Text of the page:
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Specialty Chemistry Forums => Nuclear Chemistry and Radiochemistry Forum => Topic started by: Mitch on December 28, 2006, 03:49:35 PM

Title: New Isotope Discovery: Hassium-270
Post by: Mitch on December 28, 2006, 03:49:35 PM
So why study elements at the extreme of the periodic table? Because we want to learn about their Chemistry! This has been made easier with the recent work of Dvorak et al. ( The work created 4 atoms of the heaviest element we can currently do Chemistry with, element 108(not sure if the 112 chemistry paper is out yet). The paper focuses on the isotope's physics, which it has lots of interesting bits and pieces to it,  but I'll be focusing on Chemistry, sort-of.

The new isotope Hassium-270's decay chain from the paper is shown below.

Since that's an ugly way to show decay information, I'll summarize it myself with the isotope trading cards method. The decay properties of Hs-270 and Sg-266 from this experiment are shown together below.
( (
The yellow signifies it's an alphe emitter and the green signifies it decays by spontaneous fission. The star on the half-life is meant to signify that the half-life wasn't measured by the experiment, but determined from systematics.

Now quickly to Chemistry.
When Nuclear Chemists make heavyelements, we also make a bunch of other elements from all over the periodic table too. So we have to separate what we want from the junk. The two methods of choice are either a physical separation (magnets and electric fields) or by a chemistry separation (in this case the formation of a volatile tetroxide). To prove that their chemical separation method was indeed only separating out group 8 elements, they also produced some Osmium in tandem with Hassium and observed both their decay signatures in their detectors, the paper notes they had trace Actinium contamination coming to their detectors too.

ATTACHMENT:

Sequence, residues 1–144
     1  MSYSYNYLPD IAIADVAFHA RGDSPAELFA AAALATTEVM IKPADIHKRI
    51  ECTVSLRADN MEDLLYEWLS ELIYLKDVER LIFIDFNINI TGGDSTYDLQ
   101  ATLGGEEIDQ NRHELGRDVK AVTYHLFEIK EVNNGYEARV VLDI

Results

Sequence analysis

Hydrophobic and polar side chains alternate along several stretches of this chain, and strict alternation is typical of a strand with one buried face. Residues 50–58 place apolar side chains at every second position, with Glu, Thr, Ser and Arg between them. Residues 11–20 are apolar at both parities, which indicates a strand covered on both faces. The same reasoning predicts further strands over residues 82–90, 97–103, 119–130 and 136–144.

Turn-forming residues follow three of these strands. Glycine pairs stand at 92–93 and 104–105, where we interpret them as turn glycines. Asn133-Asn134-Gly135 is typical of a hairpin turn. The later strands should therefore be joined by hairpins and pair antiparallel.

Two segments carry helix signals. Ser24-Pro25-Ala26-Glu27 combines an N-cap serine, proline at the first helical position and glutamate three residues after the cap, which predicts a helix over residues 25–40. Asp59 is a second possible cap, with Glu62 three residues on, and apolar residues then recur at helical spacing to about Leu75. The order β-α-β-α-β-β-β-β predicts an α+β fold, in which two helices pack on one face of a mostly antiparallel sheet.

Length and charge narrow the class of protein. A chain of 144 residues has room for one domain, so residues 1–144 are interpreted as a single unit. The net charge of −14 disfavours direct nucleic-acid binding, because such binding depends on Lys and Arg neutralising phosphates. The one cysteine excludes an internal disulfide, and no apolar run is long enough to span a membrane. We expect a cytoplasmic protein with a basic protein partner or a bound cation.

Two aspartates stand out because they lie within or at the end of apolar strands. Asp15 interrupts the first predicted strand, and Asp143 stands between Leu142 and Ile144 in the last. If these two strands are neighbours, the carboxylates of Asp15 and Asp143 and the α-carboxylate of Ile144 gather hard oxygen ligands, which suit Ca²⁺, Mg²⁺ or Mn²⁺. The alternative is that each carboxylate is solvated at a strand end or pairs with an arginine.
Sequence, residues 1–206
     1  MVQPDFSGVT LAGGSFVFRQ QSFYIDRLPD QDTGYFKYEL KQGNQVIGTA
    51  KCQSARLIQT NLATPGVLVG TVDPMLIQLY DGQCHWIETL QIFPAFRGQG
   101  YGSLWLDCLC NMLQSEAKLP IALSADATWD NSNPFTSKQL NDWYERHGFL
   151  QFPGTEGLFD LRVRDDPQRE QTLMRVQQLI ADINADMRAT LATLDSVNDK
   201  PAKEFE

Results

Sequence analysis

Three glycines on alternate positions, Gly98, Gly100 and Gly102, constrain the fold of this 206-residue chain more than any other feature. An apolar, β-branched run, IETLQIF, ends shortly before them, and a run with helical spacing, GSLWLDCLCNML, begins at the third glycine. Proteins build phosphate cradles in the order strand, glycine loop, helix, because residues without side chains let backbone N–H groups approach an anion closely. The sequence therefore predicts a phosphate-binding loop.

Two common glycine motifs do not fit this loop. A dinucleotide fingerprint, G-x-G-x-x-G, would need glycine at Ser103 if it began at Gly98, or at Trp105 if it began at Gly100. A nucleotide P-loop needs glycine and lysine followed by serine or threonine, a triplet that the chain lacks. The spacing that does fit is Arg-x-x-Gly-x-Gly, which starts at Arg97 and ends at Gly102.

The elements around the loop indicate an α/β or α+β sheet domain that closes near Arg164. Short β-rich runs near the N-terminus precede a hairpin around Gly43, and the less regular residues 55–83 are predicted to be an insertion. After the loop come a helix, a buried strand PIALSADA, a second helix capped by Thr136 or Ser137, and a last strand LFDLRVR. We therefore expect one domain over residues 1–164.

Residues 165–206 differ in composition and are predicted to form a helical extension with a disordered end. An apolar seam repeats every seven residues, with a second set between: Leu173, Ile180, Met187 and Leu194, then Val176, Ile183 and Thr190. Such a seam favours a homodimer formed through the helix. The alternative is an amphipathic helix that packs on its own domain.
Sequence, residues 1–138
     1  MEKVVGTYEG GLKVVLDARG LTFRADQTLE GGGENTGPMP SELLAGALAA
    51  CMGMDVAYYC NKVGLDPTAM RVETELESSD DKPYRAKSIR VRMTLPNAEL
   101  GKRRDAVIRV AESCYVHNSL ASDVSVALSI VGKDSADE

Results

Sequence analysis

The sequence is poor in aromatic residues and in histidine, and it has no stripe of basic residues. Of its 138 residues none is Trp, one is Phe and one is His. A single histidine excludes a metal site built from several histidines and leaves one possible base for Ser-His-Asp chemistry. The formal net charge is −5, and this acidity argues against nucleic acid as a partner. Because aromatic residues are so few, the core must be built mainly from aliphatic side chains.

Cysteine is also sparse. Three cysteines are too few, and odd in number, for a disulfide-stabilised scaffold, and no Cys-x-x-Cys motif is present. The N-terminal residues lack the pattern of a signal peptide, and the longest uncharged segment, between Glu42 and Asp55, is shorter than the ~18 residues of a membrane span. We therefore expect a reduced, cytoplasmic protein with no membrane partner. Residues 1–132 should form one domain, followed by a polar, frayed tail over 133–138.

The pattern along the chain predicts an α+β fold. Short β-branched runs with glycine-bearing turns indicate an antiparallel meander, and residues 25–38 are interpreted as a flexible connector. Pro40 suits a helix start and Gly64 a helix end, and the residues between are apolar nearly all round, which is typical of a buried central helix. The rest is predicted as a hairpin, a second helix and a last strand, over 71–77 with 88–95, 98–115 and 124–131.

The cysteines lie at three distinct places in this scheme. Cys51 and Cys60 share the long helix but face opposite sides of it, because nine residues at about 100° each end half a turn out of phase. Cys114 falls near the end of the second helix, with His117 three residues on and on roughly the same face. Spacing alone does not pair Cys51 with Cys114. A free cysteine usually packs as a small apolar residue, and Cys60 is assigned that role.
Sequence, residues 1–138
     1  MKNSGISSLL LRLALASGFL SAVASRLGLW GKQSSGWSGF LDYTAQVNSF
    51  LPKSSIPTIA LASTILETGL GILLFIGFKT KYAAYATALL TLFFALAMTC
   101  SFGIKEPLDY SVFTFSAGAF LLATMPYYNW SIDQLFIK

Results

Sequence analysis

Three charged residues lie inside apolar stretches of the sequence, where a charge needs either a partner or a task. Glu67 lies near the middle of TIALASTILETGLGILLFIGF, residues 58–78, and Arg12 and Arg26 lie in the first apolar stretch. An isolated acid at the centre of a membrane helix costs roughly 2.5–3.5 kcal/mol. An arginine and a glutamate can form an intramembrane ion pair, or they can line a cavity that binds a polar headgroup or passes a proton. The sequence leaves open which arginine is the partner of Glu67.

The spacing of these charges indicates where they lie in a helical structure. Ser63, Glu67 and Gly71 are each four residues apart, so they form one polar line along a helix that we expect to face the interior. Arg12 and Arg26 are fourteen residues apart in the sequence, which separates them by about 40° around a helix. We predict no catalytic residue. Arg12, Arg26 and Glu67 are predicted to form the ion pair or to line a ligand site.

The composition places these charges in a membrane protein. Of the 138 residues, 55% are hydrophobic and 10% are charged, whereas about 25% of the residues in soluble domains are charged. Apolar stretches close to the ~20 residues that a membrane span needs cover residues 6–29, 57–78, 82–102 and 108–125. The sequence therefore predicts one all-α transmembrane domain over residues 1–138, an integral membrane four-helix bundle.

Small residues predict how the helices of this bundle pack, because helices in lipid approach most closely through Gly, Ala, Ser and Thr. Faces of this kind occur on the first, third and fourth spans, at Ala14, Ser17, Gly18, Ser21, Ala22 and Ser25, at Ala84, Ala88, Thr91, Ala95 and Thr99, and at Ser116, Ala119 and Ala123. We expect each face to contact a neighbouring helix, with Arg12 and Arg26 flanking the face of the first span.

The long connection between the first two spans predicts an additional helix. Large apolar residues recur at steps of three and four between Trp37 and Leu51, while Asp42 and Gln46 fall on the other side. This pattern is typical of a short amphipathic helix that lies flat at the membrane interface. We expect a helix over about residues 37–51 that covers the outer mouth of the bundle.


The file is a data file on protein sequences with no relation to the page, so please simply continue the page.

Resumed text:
Now the question for the audience of Chemists.
The heavyelement community now has ready access to a long lived group 8 element, do you have any suggestions for interesting chemical investigations with it? Remember, due to the short half-life of 108 and the current experimental setup, any ligands or chemistry would have to occur in the gas-phase so modest volatility is a must. If you have any suggestions post them here.

Mitch being a smart-ass.
Note 1: Chemistry and Engineering News put out a note about the discovery too: . Thanks Mark K ( for pointing it out, link to his soccer website (   
Note 2:The following picture was taken from that article:
Note 3: Couldn't wear a nicer shirt Honza(Jan Dvorak) for the photo? ;)
Note 4: I don't see Honza wearing a face shield or safety thermal gloves, how unsafe. Is the cap still on the detector your filling? :P

Edit 1: Link to discovery paper (